Philippe de VitryFrench Born 31 Oct 1291 Died 09 Jun 1361
Philippe de Vitry was one of the most prominent figures in medieval music.
Not only do we know of his existence, but the dates of his birth and death are relatively certain.
Vitry was the author of an important music theory text, Ars Nova, which has been taken up as the name of that entire period of music history.
In the Ars Nova, Vitry is primarily concerned with expanding the rhythmic resources offered to composers.
He introduces new rhythmic schemes, along with a new mensural notation which was to play an important role for more than a hundred years after his death.
The main result of his innovations is that the different lines of polyphony are given much greater independence than had been done previously, during the so-called Ars Antiqua.
These new rhythms included, quite significantly, the emancipation of binary rhythm which was considered not only "imperfect" but musically impossible until this time; for us, such a situation is certainly hard to believe.
At any rate, Vitry was known as one of the greatest intellectuals of his time and is credited with profound knowledge in mathematics, philosophy, and rhetoric.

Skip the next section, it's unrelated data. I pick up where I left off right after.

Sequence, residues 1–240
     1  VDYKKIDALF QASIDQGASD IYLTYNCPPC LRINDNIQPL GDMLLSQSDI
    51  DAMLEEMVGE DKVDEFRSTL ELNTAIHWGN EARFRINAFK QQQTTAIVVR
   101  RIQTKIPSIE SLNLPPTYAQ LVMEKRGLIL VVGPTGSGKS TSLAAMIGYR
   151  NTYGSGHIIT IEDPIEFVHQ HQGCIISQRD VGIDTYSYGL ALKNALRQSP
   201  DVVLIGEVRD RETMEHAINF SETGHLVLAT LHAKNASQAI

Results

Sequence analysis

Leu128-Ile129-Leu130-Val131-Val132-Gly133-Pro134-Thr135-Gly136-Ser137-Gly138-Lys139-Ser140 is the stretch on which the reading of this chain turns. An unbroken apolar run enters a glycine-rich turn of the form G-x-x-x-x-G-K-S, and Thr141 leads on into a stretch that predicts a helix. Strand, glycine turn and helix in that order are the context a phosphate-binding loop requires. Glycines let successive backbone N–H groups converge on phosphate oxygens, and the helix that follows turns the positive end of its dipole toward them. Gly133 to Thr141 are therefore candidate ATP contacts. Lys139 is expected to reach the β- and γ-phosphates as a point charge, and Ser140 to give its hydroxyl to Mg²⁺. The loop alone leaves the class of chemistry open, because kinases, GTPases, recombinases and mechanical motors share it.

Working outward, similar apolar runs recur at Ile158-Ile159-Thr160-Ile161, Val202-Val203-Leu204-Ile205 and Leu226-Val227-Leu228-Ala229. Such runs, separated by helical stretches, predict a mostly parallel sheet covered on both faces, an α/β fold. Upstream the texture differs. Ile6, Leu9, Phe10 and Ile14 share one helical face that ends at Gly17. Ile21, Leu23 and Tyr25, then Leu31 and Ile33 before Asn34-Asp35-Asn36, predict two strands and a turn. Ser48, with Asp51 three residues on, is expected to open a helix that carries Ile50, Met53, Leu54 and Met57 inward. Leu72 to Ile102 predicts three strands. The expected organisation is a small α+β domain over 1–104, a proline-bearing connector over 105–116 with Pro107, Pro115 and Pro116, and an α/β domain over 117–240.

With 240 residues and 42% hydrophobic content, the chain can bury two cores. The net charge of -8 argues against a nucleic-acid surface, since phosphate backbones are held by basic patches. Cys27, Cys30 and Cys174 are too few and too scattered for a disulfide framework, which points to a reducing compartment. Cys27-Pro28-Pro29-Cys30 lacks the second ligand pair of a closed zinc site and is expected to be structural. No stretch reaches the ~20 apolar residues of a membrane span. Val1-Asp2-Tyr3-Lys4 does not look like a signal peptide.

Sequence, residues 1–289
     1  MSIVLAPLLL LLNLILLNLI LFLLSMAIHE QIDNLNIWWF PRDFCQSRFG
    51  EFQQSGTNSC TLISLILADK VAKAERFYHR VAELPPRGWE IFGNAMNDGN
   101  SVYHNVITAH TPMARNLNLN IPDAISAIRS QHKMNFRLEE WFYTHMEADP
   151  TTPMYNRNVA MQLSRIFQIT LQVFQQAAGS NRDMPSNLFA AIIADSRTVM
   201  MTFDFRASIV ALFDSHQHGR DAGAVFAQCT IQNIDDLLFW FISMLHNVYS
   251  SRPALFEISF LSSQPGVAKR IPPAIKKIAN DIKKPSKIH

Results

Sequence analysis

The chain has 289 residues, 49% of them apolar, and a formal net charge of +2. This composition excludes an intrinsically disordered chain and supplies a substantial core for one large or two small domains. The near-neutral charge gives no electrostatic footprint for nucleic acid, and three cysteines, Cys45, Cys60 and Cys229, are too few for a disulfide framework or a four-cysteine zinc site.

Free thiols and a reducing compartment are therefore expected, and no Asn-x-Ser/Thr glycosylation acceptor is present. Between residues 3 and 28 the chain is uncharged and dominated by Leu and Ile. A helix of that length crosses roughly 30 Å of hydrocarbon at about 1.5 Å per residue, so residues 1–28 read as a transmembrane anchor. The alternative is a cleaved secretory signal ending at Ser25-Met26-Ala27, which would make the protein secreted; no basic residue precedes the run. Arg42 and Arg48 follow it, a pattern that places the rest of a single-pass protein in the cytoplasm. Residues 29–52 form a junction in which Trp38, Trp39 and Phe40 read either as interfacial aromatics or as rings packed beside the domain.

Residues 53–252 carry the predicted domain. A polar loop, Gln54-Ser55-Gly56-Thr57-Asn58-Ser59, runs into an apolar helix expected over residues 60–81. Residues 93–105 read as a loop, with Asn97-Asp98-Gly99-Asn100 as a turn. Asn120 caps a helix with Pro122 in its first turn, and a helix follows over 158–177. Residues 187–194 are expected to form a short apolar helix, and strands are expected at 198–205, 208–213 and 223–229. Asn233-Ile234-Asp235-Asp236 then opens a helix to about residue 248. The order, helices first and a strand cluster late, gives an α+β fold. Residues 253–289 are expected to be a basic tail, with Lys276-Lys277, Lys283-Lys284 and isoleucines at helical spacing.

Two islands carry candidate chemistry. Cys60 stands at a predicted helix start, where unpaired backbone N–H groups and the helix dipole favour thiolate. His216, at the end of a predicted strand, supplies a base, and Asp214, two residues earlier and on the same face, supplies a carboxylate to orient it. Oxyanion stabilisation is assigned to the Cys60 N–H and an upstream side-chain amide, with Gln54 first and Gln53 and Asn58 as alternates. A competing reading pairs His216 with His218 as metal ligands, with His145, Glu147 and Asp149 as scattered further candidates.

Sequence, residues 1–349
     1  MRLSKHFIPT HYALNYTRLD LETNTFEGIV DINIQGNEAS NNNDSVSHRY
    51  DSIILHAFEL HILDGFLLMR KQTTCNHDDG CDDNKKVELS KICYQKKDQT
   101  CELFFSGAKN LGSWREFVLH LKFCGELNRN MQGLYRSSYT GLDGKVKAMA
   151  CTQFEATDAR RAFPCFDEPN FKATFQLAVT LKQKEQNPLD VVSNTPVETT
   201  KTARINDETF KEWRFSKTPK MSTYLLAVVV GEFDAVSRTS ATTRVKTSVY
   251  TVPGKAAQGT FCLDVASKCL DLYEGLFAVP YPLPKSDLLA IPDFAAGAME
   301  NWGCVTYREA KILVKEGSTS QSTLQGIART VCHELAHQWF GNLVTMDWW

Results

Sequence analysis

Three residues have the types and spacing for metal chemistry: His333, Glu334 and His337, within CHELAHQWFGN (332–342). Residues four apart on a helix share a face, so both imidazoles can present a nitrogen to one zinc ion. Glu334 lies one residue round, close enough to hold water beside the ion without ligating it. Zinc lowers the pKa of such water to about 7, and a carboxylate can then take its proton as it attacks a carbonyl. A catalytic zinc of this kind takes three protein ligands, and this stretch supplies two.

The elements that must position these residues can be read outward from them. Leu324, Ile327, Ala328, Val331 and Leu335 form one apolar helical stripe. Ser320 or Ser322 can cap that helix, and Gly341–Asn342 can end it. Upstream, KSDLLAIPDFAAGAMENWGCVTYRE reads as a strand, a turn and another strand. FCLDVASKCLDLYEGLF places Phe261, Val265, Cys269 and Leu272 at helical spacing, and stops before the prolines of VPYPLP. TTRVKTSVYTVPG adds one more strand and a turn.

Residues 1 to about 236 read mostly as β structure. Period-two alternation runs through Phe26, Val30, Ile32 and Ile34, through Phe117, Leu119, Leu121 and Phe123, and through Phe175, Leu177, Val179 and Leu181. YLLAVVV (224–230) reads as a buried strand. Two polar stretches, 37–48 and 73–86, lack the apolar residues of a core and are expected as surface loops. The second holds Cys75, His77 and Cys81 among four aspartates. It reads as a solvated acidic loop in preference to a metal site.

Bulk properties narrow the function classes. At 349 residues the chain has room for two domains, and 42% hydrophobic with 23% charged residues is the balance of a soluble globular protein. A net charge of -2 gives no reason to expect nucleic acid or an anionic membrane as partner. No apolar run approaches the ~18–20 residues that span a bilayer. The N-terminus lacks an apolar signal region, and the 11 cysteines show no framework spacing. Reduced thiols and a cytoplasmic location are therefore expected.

Vitry is credited with a large role in the development of the motet.
Vitry's use of rhythm occupies an intermediate place between the older style exemplified by Perotin in which voices show little rhythmic independence (instead operating as a kind of decorated monody in which chordal progression give a kaleidoscopic effect), and the more modern style of Guillaume de Machaut in which rhythmic devices are integral to a composition.
Vitry's music provides much of the new technical means which would lead to the increased melodic invention and cosmopolitan subtlety of the following generations of composers, from Machaut to Guillaume Dufay.
Though we do know something about Philippe de Vitry's life and his positions at the French court, less is known about his actual compositions.
The only surviving works (some with greater evidence of authenticity than others) are motets.Show more